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KingKong
Member
(08-18-2012, 12:12 AM)
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So this is total speculation, but let's assume that SteamOS is a real thing.

Would it work? Don't most games require DirectX to run? Is it even legal/possible for Steam to make DirectX work on Linux or would they have to use something like Wine?

I dont think SteamOS would work if it relied on companies creating games to natively run on it (at least at the beginning) so it would have to be Valve making the Windows games run on their OS, and if that's a really huge challenge, then this is a total nonstarter
Gravijah
Member
(08-18-2012, 12:13 AM)
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they could buy Microsoft and then boom DirectX.
Metalmurphy
Banned
(08-18-2012, 12:13 AM)
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SteamOS for PC or for a Valve console?


I can totally see a SteamOS for a console. You're standard PC OS... That's not as likely.
Kade
Member
(08-18-2012, 12:14 AM)
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OpenGL
TheChewyWaffles
Member
(08-18-2012, 12:15 AM)
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No
Alchemy
Member
(08-18-2012, 12:15 AM)
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Programs are hooked into Windows in more ways then just DirectX. So no.
Keyser Soze
Member
(08-18-2012, 12:15 AM)
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Valve finds a way
PapaJustify
Member
(08-18-2012, 12:15 AM)
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Originally Posted by dygiT

OpenGL

Came to post this.
butter_stick
Banned
(08-18-2012, 12:16 AM)
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For Source games? Yeah.

For Steam as a platform? Not in a major way. It would require other companies to put the effort in to port their games over to (probably) Linux.
nubbe
Member
(08-18-2012, 12:17 AM)
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SteamOS would probably just be Linux with Valve branding
Mavromatis
Member
(08-18-2012, 12:19 AM)
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I think they can support ReactOS and their ReactX project as a legal clone of DirectX and get in control of OpenGL and give their insight and go with Linux.

Either way it is really expensive but probable.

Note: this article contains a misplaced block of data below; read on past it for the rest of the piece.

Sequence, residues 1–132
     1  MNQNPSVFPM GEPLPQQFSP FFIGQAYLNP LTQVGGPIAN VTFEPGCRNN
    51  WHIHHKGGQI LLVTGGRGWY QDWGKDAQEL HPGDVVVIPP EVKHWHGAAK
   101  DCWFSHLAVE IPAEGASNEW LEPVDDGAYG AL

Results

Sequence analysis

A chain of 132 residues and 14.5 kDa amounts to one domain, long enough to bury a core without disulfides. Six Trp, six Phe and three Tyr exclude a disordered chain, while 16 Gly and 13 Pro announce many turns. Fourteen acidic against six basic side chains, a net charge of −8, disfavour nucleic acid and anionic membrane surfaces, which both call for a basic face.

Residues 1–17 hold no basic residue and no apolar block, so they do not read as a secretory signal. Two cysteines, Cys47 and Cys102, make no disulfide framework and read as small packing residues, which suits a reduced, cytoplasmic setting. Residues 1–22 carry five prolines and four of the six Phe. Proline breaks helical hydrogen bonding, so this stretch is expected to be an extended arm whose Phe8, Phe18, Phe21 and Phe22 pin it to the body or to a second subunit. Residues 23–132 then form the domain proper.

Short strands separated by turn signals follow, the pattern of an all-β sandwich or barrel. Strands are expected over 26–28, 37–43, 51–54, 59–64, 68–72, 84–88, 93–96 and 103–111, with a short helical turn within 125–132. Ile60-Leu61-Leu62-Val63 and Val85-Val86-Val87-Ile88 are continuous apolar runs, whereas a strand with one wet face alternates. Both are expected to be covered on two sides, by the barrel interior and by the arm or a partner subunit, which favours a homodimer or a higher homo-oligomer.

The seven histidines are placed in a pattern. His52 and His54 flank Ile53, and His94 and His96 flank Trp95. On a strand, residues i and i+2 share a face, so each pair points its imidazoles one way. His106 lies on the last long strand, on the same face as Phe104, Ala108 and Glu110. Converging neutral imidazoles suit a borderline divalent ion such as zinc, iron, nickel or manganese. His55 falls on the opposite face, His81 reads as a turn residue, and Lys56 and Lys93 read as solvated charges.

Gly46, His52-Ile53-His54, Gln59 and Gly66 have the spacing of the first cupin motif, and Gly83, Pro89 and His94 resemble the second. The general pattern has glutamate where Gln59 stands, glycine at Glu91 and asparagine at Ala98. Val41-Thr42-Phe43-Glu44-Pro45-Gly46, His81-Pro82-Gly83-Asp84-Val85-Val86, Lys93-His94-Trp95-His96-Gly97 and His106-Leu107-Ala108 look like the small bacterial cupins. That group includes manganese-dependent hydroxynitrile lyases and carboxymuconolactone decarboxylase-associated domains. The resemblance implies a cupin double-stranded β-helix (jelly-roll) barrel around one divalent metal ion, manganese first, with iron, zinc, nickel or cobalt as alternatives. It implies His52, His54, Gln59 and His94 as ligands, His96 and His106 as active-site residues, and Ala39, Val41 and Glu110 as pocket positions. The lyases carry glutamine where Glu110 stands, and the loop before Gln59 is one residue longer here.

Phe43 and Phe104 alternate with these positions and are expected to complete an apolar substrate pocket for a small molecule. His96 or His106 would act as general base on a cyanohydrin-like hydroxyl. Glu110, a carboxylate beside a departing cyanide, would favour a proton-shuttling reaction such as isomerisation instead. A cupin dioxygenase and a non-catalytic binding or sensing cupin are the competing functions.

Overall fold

itxaka
Defeatist
(08-18-2012, 12:24 AM)
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If I understand correctly, for left4dead2 they have a wrapper that transforms d3d calls into opengl ones, kind of what wine does, only more concentrated.


I swear I have read this. I believe is in the "left4dead2 from 4 fps to 300fps" slides that were going around last week.

They could offer apis for this, included with the steam apis in order to bring more developers to steam and make them more dependant of steam services.
Solid warrior
Banned
(08-18-2012, 12:26 AM)
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Yes, I think SteamOS is possible if it's main function is video games. but Is it possible to port the whole Steam library of games to SteamOS? that's a huge obstacle.
Link Man
Member
(08-18-2012, 12:26 AM)
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Given their client, would we even want one?
Lasthope106
Member
(08-18-2012, 12:26 AM)
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Of course it is. Fork a linux distro, include Steam and walla you have SteamOS.

A money printing machine basically.
Orayn
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(08-18-2012, 12:28 AM)
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Too much of Steam's library is reliant on Windows and DirectX for an official Steam OS to ever happen. Expanded Linux support is wholly possible, though.
Lasthope106
Member
(08-18-2012, 12:29 AM)
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Originally Posted by Orayn